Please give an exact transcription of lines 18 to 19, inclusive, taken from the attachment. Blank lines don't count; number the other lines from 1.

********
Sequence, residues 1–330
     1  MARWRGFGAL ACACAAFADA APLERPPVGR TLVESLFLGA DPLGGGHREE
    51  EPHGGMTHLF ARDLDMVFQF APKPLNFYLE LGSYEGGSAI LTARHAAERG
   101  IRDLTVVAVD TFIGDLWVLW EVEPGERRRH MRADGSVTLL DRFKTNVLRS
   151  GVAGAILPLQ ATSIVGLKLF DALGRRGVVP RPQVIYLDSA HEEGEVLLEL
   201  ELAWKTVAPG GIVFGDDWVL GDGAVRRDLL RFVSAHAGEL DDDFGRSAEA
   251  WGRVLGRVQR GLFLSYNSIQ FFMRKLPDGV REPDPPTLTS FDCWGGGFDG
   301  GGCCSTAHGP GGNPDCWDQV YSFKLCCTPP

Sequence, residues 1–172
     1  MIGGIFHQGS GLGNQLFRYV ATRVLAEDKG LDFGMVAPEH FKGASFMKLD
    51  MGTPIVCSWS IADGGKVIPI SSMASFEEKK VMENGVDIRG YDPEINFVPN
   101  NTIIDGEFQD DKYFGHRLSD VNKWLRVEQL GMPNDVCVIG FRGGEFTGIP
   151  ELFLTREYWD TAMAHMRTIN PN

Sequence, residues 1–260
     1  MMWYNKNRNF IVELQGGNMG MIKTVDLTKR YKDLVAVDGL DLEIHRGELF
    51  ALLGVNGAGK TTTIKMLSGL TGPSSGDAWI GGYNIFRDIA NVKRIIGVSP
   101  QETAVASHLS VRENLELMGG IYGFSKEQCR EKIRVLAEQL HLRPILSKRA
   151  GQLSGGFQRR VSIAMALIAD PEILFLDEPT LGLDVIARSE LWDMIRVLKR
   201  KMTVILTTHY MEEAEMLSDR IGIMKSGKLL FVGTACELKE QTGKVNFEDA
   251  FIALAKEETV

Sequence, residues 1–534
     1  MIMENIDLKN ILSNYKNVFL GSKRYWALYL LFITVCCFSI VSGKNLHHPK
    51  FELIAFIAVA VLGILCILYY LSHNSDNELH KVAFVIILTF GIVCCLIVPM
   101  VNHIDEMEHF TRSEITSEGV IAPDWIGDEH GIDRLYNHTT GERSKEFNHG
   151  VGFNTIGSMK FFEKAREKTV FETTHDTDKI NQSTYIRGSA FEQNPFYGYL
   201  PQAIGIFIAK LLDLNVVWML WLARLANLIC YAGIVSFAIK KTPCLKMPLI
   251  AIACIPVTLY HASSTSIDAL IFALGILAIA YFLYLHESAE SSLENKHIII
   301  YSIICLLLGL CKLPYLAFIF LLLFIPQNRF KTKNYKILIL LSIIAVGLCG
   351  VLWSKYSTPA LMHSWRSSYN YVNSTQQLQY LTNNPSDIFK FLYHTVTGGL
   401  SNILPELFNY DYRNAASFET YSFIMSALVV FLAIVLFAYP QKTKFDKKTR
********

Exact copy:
   151  GQLSGGFQRR VSIAMALIAD PEILFLDEPT LGLDVIARSE LWDMIRVLKR
   201  KMTVILTTHY MEEAEMLSDR IGIMKSGKLL FVGTACELKE QTGKVNFEDA